Gene Annotation Template
Module Priority List
-Duplication and Degradation
-Structure-Based Evidence of Function
-Horizontal Gene Transfer
Media:UiMap.pdf Headings and Searches (download PDF)
Media:AnnotationTemplate.doc--Download Template Word file
Gene Annotation Log - Template
DNA Sequence (FASTA format):
Protein Sequence (FASTA format):
Similarity Data (Sequence-Based):
- Gene Product Name:
Better to do a protein BLAST than a nucleotide BLAST
- Top hit – organism:
- Length, Score, E-value, Identity, Positives and Gaps
- Alignment of Top Hit and Query Sequence
CDD: Conserved Domains Database
Have to enter a protein sequence to get a result.
- Significant COG Hits:
Definition of COG
- Names of COGs:
PDB: Protein Data Bank
- Significant Structure Hits:
This database provides information about the structures of proteins in addition to performing a BLAST alignment.
Have to enter the protein sequence to get a result.
- Multi-Sequence Alignment
This is a useful tool, but it is confusing to use.
Cellular Localization Data:
This database predicts the number of transmembrane helices in a protein.
- Number of Predicted TMH’s
- Transmembrane Topology graph and comment
This database predicts whether or not a protein is a signal protein.
- Signal Peptide Probability
- Signal Peptide Graph
This database predicts protein localization sites.
- Cytoplasmic Score:
- Cytoplasmic Membrane Score:
- Periplasmic Score:
- Outer Membrane Score:
- Extracellular Score:
- Final Prediction for Protein Location (of the above listed):
This database lists the locations of the predicted transmembrane helices and intervening loop regions.
Note: If the report states that the protein is non cytoplasmic or cytoplasmic, it simply predicts that no transmembrane helices are likely. It should not be used as a predictor of location.
- Enter Graph:
Final Hypothesis: Where do you expect to find this protein?
Alternative Open Reading Frames:
The alternative ORFs page is available via the JGI gene homepage, can be accessed by clicking on “Gene details”. This function allows you to examine the codons around the proposed start codon, possibly locating a more appropriate or likely place for the gene to start.
Proposed DNA Coordinates (as opposed to original/computer-allocated reading frame):
Structure-Based Evidence of Function:
The Pfam database is a collection of protein domain families. A protein domain is a functional sequence of a protein; a protein's domains define what that protein is and what it does in the cell. Pfams are collections of multiple sequences that, within a certain range of variation, include domain sequences and whole protein sequences as defined by those domains. The HMM, or Hidden Markov Model, that Pfam uses to group these sequences can recognize variations in the base pair sequences in question, which allows for a much wider recognition of possible proteins.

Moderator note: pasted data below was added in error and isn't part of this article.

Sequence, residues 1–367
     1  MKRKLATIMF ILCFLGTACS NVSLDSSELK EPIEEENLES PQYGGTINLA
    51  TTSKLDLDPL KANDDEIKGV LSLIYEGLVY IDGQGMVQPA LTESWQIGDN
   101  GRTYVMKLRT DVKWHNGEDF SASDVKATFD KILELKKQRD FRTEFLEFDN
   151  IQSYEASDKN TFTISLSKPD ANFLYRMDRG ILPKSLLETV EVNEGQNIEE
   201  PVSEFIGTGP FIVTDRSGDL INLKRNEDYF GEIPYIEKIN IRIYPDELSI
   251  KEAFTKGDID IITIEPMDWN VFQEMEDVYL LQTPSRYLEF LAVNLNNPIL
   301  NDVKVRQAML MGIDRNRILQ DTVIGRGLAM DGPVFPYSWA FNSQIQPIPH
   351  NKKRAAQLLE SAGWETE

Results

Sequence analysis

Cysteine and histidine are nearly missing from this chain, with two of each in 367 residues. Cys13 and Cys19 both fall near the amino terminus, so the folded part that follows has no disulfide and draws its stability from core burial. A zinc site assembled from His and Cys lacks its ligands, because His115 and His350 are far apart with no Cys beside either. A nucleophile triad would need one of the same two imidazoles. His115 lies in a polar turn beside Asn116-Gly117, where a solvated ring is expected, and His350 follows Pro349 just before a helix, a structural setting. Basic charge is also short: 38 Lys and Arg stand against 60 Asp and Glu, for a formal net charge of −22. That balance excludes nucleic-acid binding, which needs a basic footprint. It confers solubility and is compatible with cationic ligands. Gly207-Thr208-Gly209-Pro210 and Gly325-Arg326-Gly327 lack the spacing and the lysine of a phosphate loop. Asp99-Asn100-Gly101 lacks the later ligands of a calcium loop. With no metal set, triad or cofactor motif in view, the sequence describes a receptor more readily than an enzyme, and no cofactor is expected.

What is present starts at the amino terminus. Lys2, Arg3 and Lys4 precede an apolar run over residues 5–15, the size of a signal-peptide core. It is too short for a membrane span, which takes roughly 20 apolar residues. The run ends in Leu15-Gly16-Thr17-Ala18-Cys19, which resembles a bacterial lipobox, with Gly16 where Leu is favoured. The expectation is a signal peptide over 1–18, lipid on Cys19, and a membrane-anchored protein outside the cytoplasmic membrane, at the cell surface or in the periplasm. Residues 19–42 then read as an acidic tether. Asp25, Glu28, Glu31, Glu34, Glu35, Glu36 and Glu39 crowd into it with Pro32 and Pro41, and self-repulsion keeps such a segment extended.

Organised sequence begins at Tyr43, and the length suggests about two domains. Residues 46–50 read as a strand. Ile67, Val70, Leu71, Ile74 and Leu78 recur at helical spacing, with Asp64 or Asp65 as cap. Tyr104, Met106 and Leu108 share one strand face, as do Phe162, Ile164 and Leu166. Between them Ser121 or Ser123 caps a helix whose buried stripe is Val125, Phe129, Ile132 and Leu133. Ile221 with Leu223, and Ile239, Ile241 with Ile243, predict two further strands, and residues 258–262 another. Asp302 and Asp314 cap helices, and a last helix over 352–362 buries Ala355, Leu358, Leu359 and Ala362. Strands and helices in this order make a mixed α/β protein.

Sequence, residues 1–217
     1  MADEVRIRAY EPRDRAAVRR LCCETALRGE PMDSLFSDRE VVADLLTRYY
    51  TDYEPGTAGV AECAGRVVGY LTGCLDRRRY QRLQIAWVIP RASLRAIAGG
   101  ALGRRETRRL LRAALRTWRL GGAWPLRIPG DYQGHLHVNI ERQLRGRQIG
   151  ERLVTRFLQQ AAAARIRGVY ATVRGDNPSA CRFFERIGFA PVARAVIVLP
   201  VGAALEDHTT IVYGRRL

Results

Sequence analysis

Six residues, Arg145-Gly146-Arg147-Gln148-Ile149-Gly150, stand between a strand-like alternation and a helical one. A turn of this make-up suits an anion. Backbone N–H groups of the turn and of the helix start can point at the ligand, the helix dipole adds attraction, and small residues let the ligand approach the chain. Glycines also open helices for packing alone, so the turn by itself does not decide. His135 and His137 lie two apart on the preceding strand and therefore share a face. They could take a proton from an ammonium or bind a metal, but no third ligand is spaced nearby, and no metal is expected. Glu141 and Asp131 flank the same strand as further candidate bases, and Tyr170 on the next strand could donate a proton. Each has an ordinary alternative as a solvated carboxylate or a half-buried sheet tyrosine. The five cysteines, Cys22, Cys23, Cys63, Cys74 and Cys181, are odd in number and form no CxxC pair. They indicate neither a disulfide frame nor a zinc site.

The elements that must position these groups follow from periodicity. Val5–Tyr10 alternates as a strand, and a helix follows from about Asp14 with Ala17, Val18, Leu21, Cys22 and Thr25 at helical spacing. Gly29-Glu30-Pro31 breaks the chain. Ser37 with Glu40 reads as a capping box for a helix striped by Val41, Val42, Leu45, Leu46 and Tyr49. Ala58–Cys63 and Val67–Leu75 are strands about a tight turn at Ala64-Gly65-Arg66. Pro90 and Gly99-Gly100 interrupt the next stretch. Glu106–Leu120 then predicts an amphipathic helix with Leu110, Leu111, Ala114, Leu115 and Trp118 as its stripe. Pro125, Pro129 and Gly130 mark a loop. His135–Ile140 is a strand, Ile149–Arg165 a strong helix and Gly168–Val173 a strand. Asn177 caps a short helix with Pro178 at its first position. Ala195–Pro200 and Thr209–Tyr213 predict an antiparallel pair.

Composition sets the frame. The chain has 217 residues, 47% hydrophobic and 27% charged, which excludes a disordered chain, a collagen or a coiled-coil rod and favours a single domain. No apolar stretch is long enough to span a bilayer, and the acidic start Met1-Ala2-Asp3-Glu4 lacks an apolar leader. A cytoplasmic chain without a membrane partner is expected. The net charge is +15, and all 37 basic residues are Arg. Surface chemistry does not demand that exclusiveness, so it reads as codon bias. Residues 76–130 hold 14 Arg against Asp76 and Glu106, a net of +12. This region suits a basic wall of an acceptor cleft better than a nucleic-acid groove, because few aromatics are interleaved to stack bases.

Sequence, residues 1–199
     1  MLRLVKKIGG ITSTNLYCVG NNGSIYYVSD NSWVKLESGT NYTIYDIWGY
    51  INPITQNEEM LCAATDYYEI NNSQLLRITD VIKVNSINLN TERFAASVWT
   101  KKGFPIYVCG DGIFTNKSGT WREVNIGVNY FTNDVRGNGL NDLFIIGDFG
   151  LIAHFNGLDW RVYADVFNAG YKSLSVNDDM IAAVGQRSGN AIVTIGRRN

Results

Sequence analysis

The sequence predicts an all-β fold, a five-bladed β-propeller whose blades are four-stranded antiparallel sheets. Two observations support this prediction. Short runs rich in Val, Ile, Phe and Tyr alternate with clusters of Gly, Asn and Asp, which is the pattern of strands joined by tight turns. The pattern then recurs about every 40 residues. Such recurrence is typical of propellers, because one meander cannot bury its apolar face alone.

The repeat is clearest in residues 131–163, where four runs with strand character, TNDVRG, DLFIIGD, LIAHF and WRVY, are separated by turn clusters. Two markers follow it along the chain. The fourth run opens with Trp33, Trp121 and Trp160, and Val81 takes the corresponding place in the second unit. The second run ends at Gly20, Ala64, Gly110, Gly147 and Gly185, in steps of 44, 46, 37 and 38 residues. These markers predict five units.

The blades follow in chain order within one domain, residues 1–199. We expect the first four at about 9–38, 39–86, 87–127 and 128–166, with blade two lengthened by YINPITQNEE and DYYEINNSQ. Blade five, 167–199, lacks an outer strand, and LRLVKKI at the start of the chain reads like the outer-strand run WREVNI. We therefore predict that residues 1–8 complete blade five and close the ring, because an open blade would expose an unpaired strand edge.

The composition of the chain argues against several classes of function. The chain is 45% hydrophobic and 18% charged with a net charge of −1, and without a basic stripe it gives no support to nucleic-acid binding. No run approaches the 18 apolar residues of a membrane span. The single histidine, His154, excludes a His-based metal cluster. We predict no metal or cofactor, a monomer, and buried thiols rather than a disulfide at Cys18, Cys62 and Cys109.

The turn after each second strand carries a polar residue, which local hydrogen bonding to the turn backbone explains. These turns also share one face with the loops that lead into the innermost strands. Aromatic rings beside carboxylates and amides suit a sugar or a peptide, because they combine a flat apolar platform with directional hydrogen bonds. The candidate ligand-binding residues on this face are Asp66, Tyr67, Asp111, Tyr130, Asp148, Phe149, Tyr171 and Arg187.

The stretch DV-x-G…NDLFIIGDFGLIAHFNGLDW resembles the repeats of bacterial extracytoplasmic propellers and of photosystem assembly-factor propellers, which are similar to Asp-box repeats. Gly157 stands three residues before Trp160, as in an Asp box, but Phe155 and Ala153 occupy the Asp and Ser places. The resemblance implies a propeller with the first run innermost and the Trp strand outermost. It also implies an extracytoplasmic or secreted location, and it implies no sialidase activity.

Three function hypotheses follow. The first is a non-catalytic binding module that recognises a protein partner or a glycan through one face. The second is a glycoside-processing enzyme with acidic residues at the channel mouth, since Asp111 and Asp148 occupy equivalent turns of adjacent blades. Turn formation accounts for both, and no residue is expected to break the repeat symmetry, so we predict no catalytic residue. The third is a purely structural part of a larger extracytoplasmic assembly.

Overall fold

- Significant Matches:
- Pfam Name:
- Pairwise Alignment:
- HMM logo:
- Key Functional Residues:
Resources on JGI: JGI "Course Materials" page contains a list of Pfams for transcription factors and transporters.
The Protein Data Bank contains detailed information about, and illustrations of, the physical 3-D structures of proteins. Searches can be conducted based on protein identification from multiple databases, structure, articles that a protein has been mentioned, DNA sequence, and other criteria.
Module here is similar to Sequence-Based Similarity Module.
- Significant Structure Hits:
This website has two tools:
- KEGG Pathway is a database that is a collection of pathway maps to represent the molecular interaction and reaction networks for:
- Metabolism - Genetic Information Processing - Environmental Information Processing - Cellular Processes - Human Diseases
- KEGG Module is a collection of pathway modules, molecular complexes, and other functional units
JGI wants us to use the website to enter a (pathway) map for each gene.
This is a bioinformatics database that describes the genome and the biochemical machinery of E. coli K-12 MG1655. It can be used as a reference source that we can relate our findings to.
- In the search bar you can enter:
- The name of a compound, gene, protein or pathway.
Examples: pyruvate, trpA
- Any substring of one of the above names that is 3 or more characters in length.
Examples: kinase, pyr
- An EC number (full or partial).
Examples: 184.108.40.206, 1.3.99
- An identifier from some external database to which they maintain links, e.g. UniProt.
(JGI didn't seem to be one of these databases)
Examples: P00561, NP_414543, C00047
- The internal object identifier for any compound, gene, protein, pathway, reaction, etc.
Examples: CPLX0-3661, HEMN-RXN
JGI wants us to use the website to enter the pathway for each gene and provide the E.C. number.
Duplication and Degradation:
Paralogs are homologous genes within a single species that arose by gene duplication. Through analysis of paralogs, we can determine which genes may have duplicates in our genome.
You can search for paralogs of an individual gene:
Scroll to the bottom of the Gene Detail page.
Under "Homolog Display", you will find a "Homolog selection" dropbox.
Select "Paralogs / Orthologs."
JGI requests certain information about the top paralog hit:
- Gene Object ID
- Length (bp)
- Alignment of Top Hit and Query Sequence:
Other possible information:
- Number of paralogs above a certain Bit Score.
- How could we measure Degradation?
Evidence of Horizontal Gene Transfer:
Evidence of Horizontal Gene Transfer (Module Eight) Instructions
Phylogenetic Tree Diagram:
- Ortholog Neighborhood Region of Organism:
- Examples of similarities or Differences:
Chromosome Viewer GC Heat Map:
- Characteristic GC% of genome:
- Average GC% of gene: